"Business can not survive without profit and profit is borne out of identifying opportunites and allocating resources to capitalize on those opportunites."

Or:
"Operating a profitable business deserves respect. Learning how to identify markets, compose a sustainable business model and be successful is not easy. It takes comittment, intestinal fortitude and no small degree of ingenuity. Those qualities deserve respect."

If we can ever start seeing this situation from the standpoint of those kind of statements, no one will have to argue. No one will get heated trying to judge another. The entire issue will resolve itself automatically.

Nick W. did sum up the ethics issue for us all very succinctly when he proposed one simple concept. He said something along the lines off
>If you think something is wrong - you are probably right<

The essence of ethics is not whether you use IP delivery or put too many keywords in your meta tags. The essence, (in my opinion of course), is to consider something wrong but do it anyway.

If we could all accept that not a single one of us intends to make money from SEM and then use that money for supporting criminals, terrorists or traffic law breakers, it would be huge step in establishing self-respect. Once we have self-respect we can start demanding it from others. BUT, we can never expect the search engines or the public to give us respect until we can have it for ourselves. Does that make sense?

Every person I have ever read a post from in this forum I believe intends to make money from SEM and spend that money on hiring competent people to help them build a better service. That creates jobs and strengthens the economy. That is good thing. They intend to provide for their families with a better life filled with more opportunities. That is good thing. They intend to invest their money in other technologies that serve the common good. That is a good thing.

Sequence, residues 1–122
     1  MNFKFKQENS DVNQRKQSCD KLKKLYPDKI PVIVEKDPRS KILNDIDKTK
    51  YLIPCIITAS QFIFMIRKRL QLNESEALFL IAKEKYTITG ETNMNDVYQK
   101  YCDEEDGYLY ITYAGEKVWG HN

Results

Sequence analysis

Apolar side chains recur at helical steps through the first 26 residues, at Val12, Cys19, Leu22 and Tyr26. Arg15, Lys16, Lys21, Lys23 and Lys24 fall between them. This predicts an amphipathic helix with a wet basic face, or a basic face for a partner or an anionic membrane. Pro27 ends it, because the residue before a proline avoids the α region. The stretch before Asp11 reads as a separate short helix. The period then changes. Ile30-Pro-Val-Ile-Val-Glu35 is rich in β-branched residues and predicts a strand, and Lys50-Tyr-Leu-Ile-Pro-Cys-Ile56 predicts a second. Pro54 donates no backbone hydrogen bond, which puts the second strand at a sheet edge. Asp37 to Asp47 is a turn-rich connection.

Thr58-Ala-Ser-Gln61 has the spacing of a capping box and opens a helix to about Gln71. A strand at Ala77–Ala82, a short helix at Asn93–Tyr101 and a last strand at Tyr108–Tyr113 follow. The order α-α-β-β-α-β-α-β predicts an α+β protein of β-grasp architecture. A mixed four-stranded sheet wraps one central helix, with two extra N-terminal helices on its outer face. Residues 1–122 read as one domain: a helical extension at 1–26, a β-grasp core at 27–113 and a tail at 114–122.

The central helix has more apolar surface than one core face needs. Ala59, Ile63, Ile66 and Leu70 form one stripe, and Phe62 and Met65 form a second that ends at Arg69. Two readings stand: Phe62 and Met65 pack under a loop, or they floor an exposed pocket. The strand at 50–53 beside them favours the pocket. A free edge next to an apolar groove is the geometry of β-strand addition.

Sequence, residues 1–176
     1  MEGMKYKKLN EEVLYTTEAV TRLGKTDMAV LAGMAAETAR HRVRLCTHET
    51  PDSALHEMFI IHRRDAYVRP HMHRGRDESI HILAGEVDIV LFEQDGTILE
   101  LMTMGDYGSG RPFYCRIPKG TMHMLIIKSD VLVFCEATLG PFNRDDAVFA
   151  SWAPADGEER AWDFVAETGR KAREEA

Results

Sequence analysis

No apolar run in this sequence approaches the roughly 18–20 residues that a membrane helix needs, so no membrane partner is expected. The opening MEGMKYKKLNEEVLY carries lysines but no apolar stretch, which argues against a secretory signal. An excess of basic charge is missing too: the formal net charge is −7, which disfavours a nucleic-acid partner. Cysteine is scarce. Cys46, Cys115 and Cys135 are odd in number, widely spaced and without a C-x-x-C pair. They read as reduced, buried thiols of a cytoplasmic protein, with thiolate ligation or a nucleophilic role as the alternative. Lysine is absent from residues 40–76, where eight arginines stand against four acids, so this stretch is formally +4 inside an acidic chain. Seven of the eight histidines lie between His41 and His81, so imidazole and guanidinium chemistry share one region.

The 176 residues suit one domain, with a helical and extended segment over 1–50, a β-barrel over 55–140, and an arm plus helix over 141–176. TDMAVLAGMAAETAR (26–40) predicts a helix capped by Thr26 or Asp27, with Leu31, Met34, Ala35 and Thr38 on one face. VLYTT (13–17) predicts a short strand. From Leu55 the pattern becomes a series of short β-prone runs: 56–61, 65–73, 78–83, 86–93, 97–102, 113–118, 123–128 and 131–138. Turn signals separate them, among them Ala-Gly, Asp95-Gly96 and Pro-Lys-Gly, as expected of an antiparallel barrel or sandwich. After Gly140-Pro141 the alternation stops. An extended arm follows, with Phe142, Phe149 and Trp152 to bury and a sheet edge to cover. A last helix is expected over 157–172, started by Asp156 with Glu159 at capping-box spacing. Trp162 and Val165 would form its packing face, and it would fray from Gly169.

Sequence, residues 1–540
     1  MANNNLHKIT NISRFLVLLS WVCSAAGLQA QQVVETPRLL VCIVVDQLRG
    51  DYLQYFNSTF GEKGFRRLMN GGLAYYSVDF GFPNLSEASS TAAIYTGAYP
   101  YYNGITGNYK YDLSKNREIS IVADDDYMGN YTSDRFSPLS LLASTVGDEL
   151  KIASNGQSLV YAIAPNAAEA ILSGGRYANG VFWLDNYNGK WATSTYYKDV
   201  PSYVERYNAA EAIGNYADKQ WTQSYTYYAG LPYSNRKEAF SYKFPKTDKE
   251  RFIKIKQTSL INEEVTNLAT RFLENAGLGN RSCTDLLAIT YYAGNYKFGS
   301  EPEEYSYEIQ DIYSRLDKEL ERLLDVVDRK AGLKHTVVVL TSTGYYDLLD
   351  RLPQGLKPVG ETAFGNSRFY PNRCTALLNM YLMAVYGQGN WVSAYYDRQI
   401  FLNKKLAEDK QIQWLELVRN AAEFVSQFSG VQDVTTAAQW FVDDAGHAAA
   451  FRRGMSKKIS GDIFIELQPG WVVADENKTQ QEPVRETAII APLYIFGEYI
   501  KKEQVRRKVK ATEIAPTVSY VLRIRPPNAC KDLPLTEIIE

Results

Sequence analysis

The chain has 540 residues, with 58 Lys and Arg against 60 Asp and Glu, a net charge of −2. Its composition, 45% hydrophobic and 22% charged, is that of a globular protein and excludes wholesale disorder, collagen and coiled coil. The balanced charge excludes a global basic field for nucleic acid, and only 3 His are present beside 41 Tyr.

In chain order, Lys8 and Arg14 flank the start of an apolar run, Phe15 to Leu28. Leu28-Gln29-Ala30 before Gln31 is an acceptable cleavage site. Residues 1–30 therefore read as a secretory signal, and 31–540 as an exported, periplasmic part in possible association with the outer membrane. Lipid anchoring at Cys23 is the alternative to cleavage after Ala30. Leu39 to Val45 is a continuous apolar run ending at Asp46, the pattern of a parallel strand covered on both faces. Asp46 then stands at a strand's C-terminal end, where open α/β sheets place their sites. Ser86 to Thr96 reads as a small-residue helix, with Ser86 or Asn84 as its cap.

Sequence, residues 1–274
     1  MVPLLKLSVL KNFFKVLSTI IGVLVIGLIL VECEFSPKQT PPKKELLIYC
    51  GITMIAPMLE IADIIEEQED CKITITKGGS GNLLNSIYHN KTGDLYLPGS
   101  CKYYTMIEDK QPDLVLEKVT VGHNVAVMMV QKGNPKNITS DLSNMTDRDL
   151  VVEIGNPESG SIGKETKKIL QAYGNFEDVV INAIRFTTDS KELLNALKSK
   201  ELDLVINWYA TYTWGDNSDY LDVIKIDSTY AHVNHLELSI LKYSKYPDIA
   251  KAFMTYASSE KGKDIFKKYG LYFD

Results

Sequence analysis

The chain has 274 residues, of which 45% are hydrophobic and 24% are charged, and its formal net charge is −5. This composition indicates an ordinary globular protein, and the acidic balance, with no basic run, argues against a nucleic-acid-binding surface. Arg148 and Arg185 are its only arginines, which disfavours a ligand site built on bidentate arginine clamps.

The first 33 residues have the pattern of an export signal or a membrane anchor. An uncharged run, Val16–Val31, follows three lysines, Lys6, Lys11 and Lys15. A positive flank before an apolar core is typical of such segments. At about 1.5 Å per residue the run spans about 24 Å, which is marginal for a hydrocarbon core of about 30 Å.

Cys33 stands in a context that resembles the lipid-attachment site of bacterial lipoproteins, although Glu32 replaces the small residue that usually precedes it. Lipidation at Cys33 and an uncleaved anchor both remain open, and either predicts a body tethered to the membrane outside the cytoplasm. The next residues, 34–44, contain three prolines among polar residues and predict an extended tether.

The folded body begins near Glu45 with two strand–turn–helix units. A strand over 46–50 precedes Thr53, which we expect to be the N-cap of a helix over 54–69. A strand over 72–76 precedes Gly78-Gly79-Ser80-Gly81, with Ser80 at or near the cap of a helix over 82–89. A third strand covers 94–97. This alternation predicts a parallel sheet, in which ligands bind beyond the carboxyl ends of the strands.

Those are the same things that Google is trying to do. In fact that is what just about EVERY business is trying to do. To do those things mean you have to either lose money to support the endeavor or generate a profit. That is business. Yet we, even in a forum that exists solely to promote marketing, we look at it as if making money is a dirty, scheming proposition.

I say it is not. We work hard for our clients. We pay our taxes. We contribute to the collective knowledge. We raise the bar on the quality of user experience on the net. Someone, somewhere should give us a little credit for some of those things and that someone should start with us.

That credit starts from our own perception of ourselves.

Nick W
10-19-2004, 11:36 AM
Im not in the least offended.

Thanks for an eloquent and thought provoking post massa...

Nick

doppelganger
10-19-2004, 12:30 PM